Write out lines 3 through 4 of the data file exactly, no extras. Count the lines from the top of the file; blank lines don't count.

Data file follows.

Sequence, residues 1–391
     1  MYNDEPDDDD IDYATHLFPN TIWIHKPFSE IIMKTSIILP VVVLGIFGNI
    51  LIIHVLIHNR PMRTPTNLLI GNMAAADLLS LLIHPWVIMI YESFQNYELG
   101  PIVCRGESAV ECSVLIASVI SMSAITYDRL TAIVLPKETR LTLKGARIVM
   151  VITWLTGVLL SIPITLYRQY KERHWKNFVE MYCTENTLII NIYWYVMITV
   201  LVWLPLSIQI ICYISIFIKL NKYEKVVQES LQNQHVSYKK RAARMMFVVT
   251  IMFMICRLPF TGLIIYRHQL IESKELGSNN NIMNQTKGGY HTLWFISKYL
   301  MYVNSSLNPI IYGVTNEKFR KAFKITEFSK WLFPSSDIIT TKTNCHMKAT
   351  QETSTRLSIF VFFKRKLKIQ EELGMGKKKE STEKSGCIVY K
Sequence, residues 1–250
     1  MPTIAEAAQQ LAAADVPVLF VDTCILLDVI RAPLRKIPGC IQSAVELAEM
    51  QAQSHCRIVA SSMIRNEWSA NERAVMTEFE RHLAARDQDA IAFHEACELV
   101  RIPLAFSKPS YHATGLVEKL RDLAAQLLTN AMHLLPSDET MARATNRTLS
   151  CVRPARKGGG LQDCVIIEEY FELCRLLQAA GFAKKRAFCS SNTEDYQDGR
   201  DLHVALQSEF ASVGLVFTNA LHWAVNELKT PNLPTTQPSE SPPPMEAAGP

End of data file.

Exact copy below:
    51  LIIHVLIHNR PMRTPTNLLI GNMAAADLLS LLIHPWVIMI YESFQNYELG
   101  PIVCRGESAV ECSVLIASVI SMSAITYDRL TAIVLPKETR LTLKGARIVM